Can Responding to Reviews Boost Conversions?


Can Responding to Reviews Boost Conversions? - Eric Sachs SEO

Online reviews have been a contentious topic for a very long time. Depending on who you ask, they’re either the best way to connect with your customers and clients or an incredibly risky endeavor that can backfire, leaving you to deal with significant public relations disasters. This uncertainty often leads businesses operating in the online sphere to avoid getting involved in reviews whatsoever.

I’m not convinced that’s the right approach. I’ve seen social proof and word of mouth work magic for businesses; it can be the very core of what drives someone’s product or service viral. Plus, there’s plenty of convincing evidence to illustrate that responding has more benefits than disadvantages.

According to at least one recent study by a digital marketing agency involved in search engine marketing research, probably not. The study in question backs the theory that more positive reviews directly influences how likely sometime is to “convert” after finding a company through a paid search result.

First, I want to break down the study’s findings and make them a bit more approachable and easier to understand. Then, I’ll give you helpful tips to improve your own reviews and tell you how, when, and where to respond to them when they crop up.

Review Study Statistics

The agency behind this particular study put a significant amount of effort into finding hard evidence instead of solely relying on personal experience. Altogether, they included information for just over 7,000 businesses pulled from Google Adwords campaign data (a total of 93 million impressions) and 32 months of historical user review data pulled from Google Reviews.

Researchers identified two interesting points:

  • Businesses with higher star ratings were much more likely to see a higher conversion rate. Businesses with low stars suffered beside their higher-rated search result competitors.
  • There is a statistically significant difference in conversion rates between businesses who responded to reviews and those who do not respond to reviews, for better or worse.

Here’s what that looks like in practice.

Businesses who had the lowest average of stars in the study (3.31 stars) enjoyed a conversion rate of around 10.42 percent. That means just over 10 percent of all searchers clicked through or interacted with the business’s search result once they saw the number of stars.

Businesses on the other end of the spectrum (4.96 stars) enjoyed conversion rates closer to 12.83 percent – over two percent higher than their lower-star counterparts.

Exactly how much is two percent really worth? It’s difficult to say because there’s so much nuance in search, but the company doing the research approximated it to mean a loss of around 13,000 potential leads for the lower-rated companies. In terms of localized search and local business, this is a significant loss.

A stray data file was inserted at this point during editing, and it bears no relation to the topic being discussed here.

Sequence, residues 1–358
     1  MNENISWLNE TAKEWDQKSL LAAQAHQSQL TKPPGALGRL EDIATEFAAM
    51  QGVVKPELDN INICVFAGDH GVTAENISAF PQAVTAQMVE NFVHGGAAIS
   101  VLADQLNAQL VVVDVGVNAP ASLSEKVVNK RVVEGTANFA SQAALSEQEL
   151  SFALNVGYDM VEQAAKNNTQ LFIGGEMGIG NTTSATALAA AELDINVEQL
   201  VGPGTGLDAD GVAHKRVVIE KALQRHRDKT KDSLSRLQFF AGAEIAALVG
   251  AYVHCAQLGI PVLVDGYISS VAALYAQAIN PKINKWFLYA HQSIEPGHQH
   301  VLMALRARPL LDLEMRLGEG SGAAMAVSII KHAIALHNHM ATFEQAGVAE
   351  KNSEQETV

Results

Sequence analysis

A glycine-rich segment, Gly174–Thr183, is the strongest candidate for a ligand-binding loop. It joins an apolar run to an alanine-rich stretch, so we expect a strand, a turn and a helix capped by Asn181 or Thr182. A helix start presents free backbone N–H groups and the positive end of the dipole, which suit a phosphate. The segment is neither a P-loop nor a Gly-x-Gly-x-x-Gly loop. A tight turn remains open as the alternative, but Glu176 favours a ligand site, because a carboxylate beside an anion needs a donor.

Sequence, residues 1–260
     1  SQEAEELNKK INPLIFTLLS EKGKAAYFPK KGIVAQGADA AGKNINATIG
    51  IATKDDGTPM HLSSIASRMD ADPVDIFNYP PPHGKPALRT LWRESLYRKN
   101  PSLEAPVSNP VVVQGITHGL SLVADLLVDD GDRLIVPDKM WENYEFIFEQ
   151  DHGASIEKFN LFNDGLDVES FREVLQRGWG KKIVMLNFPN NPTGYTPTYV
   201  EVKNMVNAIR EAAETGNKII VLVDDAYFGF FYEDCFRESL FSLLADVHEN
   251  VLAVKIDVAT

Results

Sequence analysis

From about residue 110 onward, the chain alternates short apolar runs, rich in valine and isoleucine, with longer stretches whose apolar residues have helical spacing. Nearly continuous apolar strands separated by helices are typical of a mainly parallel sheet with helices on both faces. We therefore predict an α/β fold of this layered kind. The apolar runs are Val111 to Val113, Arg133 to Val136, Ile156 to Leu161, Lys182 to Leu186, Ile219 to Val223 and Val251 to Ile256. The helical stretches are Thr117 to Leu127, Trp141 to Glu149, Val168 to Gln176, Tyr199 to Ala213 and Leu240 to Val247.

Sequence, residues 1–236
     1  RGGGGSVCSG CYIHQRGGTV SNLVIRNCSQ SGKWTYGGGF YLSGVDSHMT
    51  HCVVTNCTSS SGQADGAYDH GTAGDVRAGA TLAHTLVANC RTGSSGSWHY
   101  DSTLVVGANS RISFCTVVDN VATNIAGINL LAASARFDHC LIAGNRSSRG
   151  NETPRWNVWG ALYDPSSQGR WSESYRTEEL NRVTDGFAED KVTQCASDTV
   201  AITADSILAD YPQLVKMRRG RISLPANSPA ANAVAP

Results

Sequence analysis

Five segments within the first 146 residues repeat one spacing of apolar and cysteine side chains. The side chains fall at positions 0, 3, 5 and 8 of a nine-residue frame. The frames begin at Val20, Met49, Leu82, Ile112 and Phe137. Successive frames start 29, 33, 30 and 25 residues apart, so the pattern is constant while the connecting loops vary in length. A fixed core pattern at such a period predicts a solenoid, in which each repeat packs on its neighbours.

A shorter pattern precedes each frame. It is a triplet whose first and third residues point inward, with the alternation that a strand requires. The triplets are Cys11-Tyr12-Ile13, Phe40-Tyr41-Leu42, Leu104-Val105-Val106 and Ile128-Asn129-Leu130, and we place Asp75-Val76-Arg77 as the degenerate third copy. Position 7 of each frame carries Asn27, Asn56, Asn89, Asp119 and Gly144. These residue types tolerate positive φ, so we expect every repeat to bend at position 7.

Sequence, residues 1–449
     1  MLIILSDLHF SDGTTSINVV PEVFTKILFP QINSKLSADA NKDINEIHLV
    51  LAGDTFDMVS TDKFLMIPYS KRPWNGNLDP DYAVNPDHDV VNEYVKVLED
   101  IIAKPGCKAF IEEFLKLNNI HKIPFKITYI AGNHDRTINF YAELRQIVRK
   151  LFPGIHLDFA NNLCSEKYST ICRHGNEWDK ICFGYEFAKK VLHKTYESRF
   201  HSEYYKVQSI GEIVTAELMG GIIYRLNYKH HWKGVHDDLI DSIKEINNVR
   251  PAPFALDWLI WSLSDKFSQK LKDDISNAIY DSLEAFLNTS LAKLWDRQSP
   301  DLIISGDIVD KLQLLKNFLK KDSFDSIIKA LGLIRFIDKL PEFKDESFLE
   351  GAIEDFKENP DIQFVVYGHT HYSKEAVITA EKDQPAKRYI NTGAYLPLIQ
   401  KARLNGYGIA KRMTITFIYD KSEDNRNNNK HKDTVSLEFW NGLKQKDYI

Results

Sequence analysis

But it’s just the beginning; they also looked at whether or not businesses responded to reviews (both positive and negative) and how their responses influenced the decision to convert.

When businesses responded to approximately 8 percent of customers who left reviews, conversion rates shot up to 13.86 percent. In comparison, businesses who responded to just 5 percent of reviews lost conversions, ending up at just around 10 percent. We can infer that having a policy to just plain never reply significantly hampers conversions.

More Evidence From HBR

It isn’t just this particular agency doing the research, either; Harvard Business Review released a similar article sharing the same mindset back in February of this year. Instead of focusing on Google Reviews, they looked at reviews on travel site TripAdvisor, who has a robust community that very often aids travelers in making decisions about where and how they travel.

HBR’s review demonstrated an uptick in conversions directly alongside efforts to begin responding to reviews for the very first time.

First, they estimated that around half of all hotels currently respond to around a third of all received reviews on the site. Then, they looked at the other 50 percent of hotels who don’t normally respond to reviews (including newer hotels who are less likely to have reviews in the first place) and how their ratings changed when they began to respond.

HBR’s data showed that when non-responsive businesses began responding to reviews on TripAdvisor, leads began leaving around 12 percent more reviews. Most importantly, this increase in reviews translated out to a star rating increase of around 0.12 stars. Given that TripAdvisor measures stars by the half-star, it was enough to bump many hotels up to the next level.

Relating back to the previous study for a moment, let’s consider a hotel who has a hard star rating of 4.20 (shown as 4 stars on the site). An increase of 0.12 stars effectively bounces that hotel up to 4.5 stars on the site. We can infer that this tiny but influential increase probably means an increase of 2 to 3 percent in lead conversions – and that’s no small feat.

What it All Means